In England, Gable was assigned to whichever mission best suited his particular goal: to capture clear photographs of combat in the air. And throughout most of 1943 he saw plenty of action. According to official records, the actor flew on five active missions, although those who fought alongside him have suggested that this number was far higher.
On one occasion, an aircraft that Gable was following lost an engine after being hit by German fighters. Amid bad weather, the crew were forced to bail out over rural England. On another flight, the damage was to the actor’s own plane, as he was hit by a flurry of fire above the German city of Gelsenkirchen.
Luckily, Gable survived the anti-aircraft fire incident – although some of his fellow squadron members were not so lucky. By this point, word of the movie star’s daring escapades had reached MGM, and the studio began pressuring the Air Force to remove him from the line of fire. Eventually, in October 1943 the actor returned home to finish editing Combat America.
By late 1943 Gable had risen through the ranks from first lieutenant to captain and then, finally, to major. And throughout the course of his colorful military career, he earned many awards and accolades. As well as the Air Medal and the Distinguished Flying Cross, the actor also received the American Campaign Medal, the World War II Victory Medal and the European-African-Middle Eastern Campaign Medal.
To begin with, the men of the 351st were amused to discover that a Hollywood star had been assigned to their ranks. But by the time that the war was over, they acknowledged that Gable had fought just as bravely as anyone else. However, the actor’s reputation spread far beyond the confines of this one regiment.
In fact, rumor has it that German dictator Adolf Hitler himself once placed a bounty on Gable’s head. According to reports, the Fuhrer was a big fan of Gone with the Wind and had watched the movie multiple times. Apparently, he was impressed by the scope of the picture – telling his advisors that Germany ought to be able to replicate the achievement.
But it wasn’t just the epic movie about the American Civil War that captured Hitler’s attention. Apparently, he was particularly impressed with Gable, who many claim was the Fuhrer’s favorite actor. And when word got out that the movie star was stationed in England, the story goes, a nefarious plot was formed.
According to Harren G. Warris’ 2002 book Clark Gable: A Biography, Hitler offered a reward to anyone who managed to capture the star. And given the audacity of the claim, the story has become part of Hollywood lore. But if it is true, what exactly did the Fuhrer plan on doing with his favorite actor once he had him in his grasp?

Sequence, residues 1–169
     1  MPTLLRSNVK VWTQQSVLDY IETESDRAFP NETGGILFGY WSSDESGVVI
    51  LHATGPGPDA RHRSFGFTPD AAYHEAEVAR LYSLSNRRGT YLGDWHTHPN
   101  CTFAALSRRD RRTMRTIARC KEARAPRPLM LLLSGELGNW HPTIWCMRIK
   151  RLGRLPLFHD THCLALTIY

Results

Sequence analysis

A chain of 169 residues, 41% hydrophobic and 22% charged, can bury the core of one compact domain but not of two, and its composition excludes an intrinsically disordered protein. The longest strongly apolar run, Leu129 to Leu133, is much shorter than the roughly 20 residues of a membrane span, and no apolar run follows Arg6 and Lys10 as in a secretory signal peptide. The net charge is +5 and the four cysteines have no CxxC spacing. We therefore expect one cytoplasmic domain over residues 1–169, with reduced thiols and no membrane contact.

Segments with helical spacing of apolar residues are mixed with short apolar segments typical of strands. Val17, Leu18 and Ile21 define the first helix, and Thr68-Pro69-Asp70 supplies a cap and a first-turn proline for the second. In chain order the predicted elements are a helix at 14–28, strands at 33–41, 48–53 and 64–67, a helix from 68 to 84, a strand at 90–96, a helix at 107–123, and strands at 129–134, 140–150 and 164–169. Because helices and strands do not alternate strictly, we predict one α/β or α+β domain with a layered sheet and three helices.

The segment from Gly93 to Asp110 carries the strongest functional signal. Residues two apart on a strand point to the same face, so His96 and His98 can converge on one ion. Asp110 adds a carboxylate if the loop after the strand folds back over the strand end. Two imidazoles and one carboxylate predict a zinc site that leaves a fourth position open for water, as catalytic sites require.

In 2018’s Hitler and Film: The Fuhrer’s Hidden Passion, author Bill Niven recounts an alleged interaction between Gable and the British actor David Niven. Apparently, the Gone with the Wind star had spoken of his fear that the Fuhrer would put him in a cage and display him across Germany.
However, there is another rumor which might explain why Hitler was so interested in an American movie star. According to Clark Gable III, the grandson of the famous actor, the Fuhrer wanted to give his ancestor a different kind of starring role. And had he succeeded, it would have been a truly bizarre twist in the ongoing war.
“He wanted my grandfather to make a propaganda film to crush the American fighting spirit,” the younger Gable told MailOnline in 2014. And years later, he would build on this intriguing story even more. In 2017 the grandson of the Hollywood great came forward claiming to be in possession of a letter from Hitler himself.
According to Gable’s grandson, this letter confirms that the Fuhrer really did issue a bounty on his grandfather’s head. However, this isn’t the only story connecting the movie star to the Nazis during World War II. Apparently, other sources claim that it was actually Hitler’s right-hand-man Hermann Göring who offered the reward.
Whatever the truth, it seems that the Nazis’ big plans for Gable never materialized. And in June 1944 the actor was removed from active service – having never returned to a combat role. Three months later, he was formally discharged and had his papers signed by future U.S. President Ronald Reagan.
Years later, those who had fought alongside Gable would remember the star as a sturdy and serious military man. However, they report that he knew how to party when the time was right. In a 2010 interview with Defense Media Network, a fellow gunner described the actor as “a great friend of the enlisted men as well as a great all-around guy.”
Moreover, those who knew Gable were quick to dispel rumors that he had enlisted because of a death wish brought on by Lombard’s passing. But whatever his motivation, the actor had played the role of the war hero to perfection. And in 1944 he made a triumphant return to the big screen.
Although the movies that he was cast in did not receive the same critical acclaim as his earlier work, Gable remained a big box office draw. When his contract with MGM ended in 1954, he then embarked on a career as a freelance actor. And before long, he was commanding the highest salary in the business.
Untethered to a studio, Gable continued to secure work – starring in a new picture every year. Then, in 1960 he delivered what many consider one of the best performances, as a cowboy in The Misfits opposite Marilyn Monroe. Tragically, it would be the last time that either of the beloved actors would appear on screen.
Soon after finishing filming on the Misfits, Gable had a heart attack. And just ten days later he passed away at the age of 59. Four months after that, the actor’s fifth wife Kay Gable gave birth to John Clark – his only son. Later, it would emerge that he had fathered another child – a girl named Judy – with the actress Loretta Young.
Today, Gable is remembered as one of the biggest stars of Hollywood’s golden age. In total, he appeared in over 60 movies throughout a career that spanned four decades. But while he will always be Rhett Butler to many fans, his work with the FMPU has also gone down in history – along with his heroism on the battlefield.
“They were very real missions in which he could have been wounded or killed,” scholar Chrystopher J. Spicer told Defense Media Network. “His film Combat America makes a valuable contribution to our historical knowledge of the war from the flyer’s perspective these days.” And even though the movie did not make a huge impact on its release, it remains a testament to the bravery of men like Gable and his crew.